Amanita muscaria var. muscaria
Key to Gilled Mushrooms Key
This is a key to gilled mushrooms, that is, mushrooms having a definite cap with a fertile surface consisting of gills. The fruiting body usually also has a stem, although that may be lateral or absent (usually, then, the mushroom is growing from wood). You can use this key to identify mushrooms that you find.
Fruiting body containing fibers (usually in the stalk)
Fruiting body having a combination of some of the following characteristics:
Stalk growing out of a cup of cottony tissue called a volva (all white-spored mushrooms with a volva go here)
Cap with scattered patches or flakes of the same sort of tissue as the volva (see second picture), easily peeled off
Annulus (skirt-like ring on stalk)
All yellow-capped Amanitas can go here
All Amanitas with concentric, toothed rings around the base of stalk definitely go here
No volva; basal bulb sometimes small, often rimmed in one way or another
Universal veil generally leaves remains on cap as small scattered patches
Base of stalk has concentric, toothed rings
Annulus usually present; usually (in my experience) jagged at the edges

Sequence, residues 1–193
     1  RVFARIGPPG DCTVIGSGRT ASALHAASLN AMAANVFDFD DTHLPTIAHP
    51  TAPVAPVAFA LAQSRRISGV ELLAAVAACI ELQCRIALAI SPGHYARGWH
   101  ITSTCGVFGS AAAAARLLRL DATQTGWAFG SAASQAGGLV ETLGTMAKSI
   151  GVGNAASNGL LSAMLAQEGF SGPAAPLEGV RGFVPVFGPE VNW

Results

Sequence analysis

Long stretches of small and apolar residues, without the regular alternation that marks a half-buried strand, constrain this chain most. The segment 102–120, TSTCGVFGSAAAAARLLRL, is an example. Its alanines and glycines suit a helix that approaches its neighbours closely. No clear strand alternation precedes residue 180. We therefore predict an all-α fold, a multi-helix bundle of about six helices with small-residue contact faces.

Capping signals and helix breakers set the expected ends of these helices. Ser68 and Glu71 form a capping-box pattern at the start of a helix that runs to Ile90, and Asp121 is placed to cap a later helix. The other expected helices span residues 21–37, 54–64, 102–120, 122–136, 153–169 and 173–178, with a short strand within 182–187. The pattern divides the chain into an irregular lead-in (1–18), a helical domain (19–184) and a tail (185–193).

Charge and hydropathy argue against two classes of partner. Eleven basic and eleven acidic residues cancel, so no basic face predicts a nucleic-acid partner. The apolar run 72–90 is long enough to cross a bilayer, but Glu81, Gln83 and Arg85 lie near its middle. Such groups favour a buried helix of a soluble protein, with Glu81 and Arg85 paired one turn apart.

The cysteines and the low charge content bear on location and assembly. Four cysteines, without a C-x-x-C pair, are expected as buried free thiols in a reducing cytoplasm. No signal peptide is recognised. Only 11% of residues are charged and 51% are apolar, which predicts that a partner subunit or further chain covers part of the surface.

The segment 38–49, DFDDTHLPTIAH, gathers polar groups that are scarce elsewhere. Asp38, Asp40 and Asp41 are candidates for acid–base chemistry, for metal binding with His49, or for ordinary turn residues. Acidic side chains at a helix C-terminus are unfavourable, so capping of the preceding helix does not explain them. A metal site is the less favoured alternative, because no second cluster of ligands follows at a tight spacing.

Here are the characters that distinguish this species from the others in its group. For its more general characters, see higher up on the page.
If there's just a few words or a microscopic feature here, a more thorough description can be found above.
This is the type species for the whole genus, so I put it in here so you'd know what it looks like. It hasn't yet been found East of the Rockies (and if you distinguish it strictly from v. flavivolvata, not even South of Alaska), but hey, if it can show up in East Africa on transplanted pine trees, it can do the same in the Mid-West
If the cap fades to dull brownish orange with exposure to sunlight, and the universal veil patches start out yellow and fade to white along with it, it is variety flavivolvata